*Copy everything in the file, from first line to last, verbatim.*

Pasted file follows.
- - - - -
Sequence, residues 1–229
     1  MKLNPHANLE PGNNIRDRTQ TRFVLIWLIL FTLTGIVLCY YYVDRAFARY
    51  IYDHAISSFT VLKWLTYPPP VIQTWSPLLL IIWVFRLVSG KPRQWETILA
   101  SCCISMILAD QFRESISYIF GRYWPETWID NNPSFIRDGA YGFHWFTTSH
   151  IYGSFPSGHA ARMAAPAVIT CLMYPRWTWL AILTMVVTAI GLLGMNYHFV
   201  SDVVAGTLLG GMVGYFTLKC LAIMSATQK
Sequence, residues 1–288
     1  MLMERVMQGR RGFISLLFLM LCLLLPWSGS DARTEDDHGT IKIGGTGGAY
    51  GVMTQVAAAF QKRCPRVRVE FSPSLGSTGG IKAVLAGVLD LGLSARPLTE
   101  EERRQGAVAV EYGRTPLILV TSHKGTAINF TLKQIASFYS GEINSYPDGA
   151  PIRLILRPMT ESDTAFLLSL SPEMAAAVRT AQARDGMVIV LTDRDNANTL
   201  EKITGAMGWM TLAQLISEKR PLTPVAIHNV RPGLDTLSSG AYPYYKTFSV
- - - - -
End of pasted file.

Sequence, residues 1–229
     1  MKLNPHANLE PGNNIRDRTQ TRFVLIWLIL FTLTGIVLCY YYVDRAFARY
    51  IYDHAISSFT VLKWLTYPPP VIQTWSPLLL IIWVFRLVSG KPRQWETILA
   101  SCCISMILAD QFRESISYIF GRYWPETWID NNPSFIRDGA YGFHWFTTSH
   151  IYGSFPSGHA ARMAAPAVIT CLMYPRWTWL AILTMVVTAI GLLGMNYHFV
   201  SDVVAGTLLG GMVGYFTLKC LAIMSATQK
Sequence, residues 1–288
     1  MLMERVMQGR RGFISLLFLM LCLLLPWSGS DARTEDDHGT IKIGGTGGAY
    51  GVMTQVAAAF QKRCPRVRVE FSPSLGSTGG IKAVLAGVLD LGLSARPLTE
   101  EERRQGAVAV EYGRTPLILV TSHKGTAINF TLKQIASFYS GEINSYPDGA
   151  PIRLILRPMT ESDTAFLLSL SPEMAAAVRT AQARDGMVIV LTDRDNANTL
   201  EKITGAMGWM TLAQLISEKR PLTPVAIHNV RPGLDTLSSG AYPYYKTFSV